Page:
And as mentioned by another poster, we know her mum is still alive, it's rather insulting to the character that she'd send a message to Simon and yet nothing for her own mum. I don't get it. Okay I must be overlooking something, or I’ve forgotten something. When was it said that she never left a video for her mum? I mean, we saw one to Simon (fair enough) but how does that rule out the possibility that she either sent a separate one for her mum or included a message for both in the one video (we just didn’t see the rest of it)? I need you to explain this one to me, taa. :)



Not so deep and very much in the surface I have stated continously in many posts I would have idolized the characterization. As a womanist, one of my main things is seeing substantive representation of my sex on television. Unfortunately I don't see that in Weir. While I do think that they need to up the ante on the characterisation of Weir (and Teyla) I think Torri has done a wonderful job elevating that character beyond the scripted lines to one that I am quite fond of and proud of, and even respect. To some extent that probably has a lot to do with with me as viewer. I have had more years than I care to remember being trained to pay attention to a person’s behaviour not just what they say. My appreciation for the character is heavily influenced on that (infact probably biased towards that). For me Torri is able to flesh out the character and add layers and substance to her that is not offered in the lines that Weir is given. In a lesser actors hands I doubt I would care about or indeed repect the character anywhere near as much as I do.

The writers need to some serious work on the female characters throughout the stargate universe (which is just SGA now I guess). They have shown with TRW that they can do that when pushed to it. It would be nice to see them do that now in an ep more balanced between the cast than this one.

But back to TRW in particular:
I personally have come away from TRW with a more complex and layered representation of Weir than I had before.



Rewatch the ep, they touched his arm. His sleeves were pushed upwards...so when he stretched out hsi arm the sleeves went up Ronon and Teyla touched his arms, as I stated. okay I’ll enter this debate as well (hey why not ;)). Why is this an issue? Can’t the nanites have been directed by Niam (or the others potentially working through Niam) to go directly into Elizabeth (presumably as the leader she is the one that would be of most interest to the Asurans – she is essentially the Queen of the Atlantis chess board). How do we know that they weren’t injected/infused through her skin by something in/on his hands (that’s what I assumed)? I never had the impression that they were either airborn or simply picked up by transient contact. For all we know he could’ve spat them on her ;)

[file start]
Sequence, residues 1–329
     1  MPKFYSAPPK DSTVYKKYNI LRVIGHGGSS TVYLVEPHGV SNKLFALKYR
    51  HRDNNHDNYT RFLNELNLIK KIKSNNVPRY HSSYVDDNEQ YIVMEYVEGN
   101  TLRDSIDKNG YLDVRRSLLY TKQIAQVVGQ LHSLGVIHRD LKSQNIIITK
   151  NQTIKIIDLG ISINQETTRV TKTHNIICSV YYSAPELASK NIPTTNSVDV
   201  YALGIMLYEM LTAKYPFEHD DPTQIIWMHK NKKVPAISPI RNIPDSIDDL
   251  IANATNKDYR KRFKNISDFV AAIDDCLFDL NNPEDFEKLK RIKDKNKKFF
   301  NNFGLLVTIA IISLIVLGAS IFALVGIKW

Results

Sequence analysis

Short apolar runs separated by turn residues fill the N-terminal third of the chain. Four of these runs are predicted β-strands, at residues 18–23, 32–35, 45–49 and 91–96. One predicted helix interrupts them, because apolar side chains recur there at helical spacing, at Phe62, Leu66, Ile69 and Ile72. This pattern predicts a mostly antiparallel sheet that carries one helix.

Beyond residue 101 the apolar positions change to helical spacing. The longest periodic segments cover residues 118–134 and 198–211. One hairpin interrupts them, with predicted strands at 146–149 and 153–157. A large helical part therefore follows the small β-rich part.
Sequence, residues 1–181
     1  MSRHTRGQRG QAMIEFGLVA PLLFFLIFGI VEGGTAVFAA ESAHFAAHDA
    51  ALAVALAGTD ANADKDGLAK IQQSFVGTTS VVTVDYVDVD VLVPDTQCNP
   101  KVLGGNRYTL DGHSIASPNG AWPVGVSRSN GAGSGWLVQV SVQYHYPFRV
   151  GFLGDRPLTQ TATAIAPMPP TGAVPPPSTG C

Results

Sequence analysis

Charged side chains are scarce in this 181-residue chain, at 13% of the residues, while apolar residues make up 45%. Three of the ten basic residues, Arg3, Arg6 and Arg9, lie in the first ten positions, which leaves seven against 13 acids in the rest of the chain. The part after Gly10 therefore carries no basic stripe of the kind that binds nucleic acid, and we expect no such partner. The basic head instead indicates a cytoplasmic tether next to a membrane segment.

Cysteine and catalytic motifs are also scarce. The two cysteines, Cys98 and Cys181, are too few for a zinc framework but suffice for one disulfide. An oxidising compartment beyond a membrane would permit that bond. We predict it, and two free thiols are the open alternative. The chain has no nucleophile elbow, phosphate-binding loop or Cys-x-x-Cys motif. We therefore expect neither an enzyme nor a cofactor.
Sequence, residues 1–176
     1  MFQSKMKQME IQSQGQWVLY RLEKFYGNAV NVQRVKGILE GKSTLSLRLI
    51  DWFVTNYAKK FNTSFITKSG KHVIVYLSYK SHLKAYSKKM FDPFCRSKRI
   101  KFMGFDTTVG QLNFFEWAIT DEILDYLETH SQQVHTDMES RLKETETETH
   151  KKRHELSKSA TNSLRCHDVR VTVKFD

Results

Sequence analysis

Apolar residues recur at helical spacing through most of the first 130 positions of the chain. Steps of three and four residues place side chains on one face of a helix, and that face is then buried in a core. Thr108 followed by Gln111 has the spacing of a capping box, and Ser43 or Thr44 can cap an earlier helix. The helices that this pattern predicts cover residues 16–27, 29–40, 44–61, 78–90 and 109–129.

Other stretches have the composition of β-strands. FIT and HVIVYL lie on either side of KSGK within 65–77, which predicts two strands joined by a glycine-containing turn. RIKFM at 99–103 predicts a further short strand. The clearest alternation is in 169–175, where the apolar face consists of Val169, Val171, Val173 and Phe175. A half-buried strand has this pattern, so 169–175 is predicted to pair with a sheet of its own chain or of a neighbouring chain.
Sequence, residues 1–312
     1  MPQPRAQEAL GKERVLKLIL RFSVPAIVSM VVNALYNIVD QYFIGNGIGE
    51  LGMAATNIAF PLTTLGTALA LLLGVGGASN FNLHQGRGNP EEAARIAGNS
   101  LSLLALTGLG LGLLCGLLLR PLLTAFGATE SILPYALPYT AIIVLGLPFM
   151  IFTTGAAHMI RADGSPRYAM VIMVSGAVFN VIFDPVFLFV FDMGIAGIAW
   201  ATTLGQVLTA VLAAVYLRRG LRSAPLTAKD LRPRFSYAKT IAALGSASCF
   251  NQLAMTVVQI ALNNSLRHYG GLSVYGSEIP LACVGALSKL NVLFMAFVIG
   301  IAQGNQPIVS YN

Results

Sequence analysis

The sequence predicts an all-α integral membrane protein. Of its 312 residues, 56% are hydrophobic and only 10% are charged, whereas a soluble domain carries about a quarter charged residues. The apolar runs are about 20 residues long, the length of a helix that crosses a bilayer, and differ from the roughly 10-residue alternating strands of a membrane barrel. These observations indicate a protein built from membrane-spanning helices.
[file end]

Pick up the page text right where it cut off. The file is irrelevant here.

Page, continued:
I have to agree with this. I saw the same thing. It was just an extention of what was said in Sateda. Weir in catatonic state didn't extend anything out of Shep, that was done in Sateda, we're just seeing more of the actions of what John would do, he did the same in Sateda and we saw that in his mindwarp in Progeny. IT's not to down grade on Shweir love, if that's what's wanted to be seen. But if you see the eps, he didn't open his heart out in his comments and didn't do anything very OTT. Even his actions were harmless to him because he has the ancient gene and we all KNOW that the nanites wouldn't hurt him---so that whole drama of him in some way hurting himself was total and utter crud.

I have to disagree with this. We have to remember that the nanites that invaded Weir are not the same as those seen in Hot Zone. It is true that the original nanovirus from HT could not attack anyone with the ATA gene and John would be immune to those. However, the nanites seen in HT were the original form (un-evolved if you will) maintained in stasis or dormant for thousands of years. Unless I’m mistaken the Asurans are the highly evolved form of that virus. While they were programmed not to attack the Ancients, at least when the Ancients were still around, it’s obvious that in their more evolved form that the fail safe directive has been lost. The nanovirus was able to evolve in a relatively short time into the complex human form. I would like to think that over several thousand years since the Ancients left that the nanites would have either a) evolved beyond that programming or b) been able to engineer a solution to it. For evidence for this: it can be recalled that a) the Asurans had no problem with destroying Atlantis which would have in turn destroyed humans with the ATA gene, and b) Oberoth was planning on killing ‘the team” before Niam intervened - (e.g., OBEROTH: “ending their lives seems to be the most prudent course” - one must assume that includes John and Rodney who, of course, have the ATA gene. The Asurans certainly had no problem sticking their hands in John or Rodney’s heads and essentially torturing them). I take that as evidence that Asurans and the nanites they created to invade Weir lack the directive to not harm those with the ATA gene. In short, it was a bold and courageous move for Sheppard to enter the isolation tent and come in physical contact with Weir to save her, and consistent with his comments in Sateda and his “dream” in Progeny that he would risk or give up his life to save those close to him. He was not immune to them.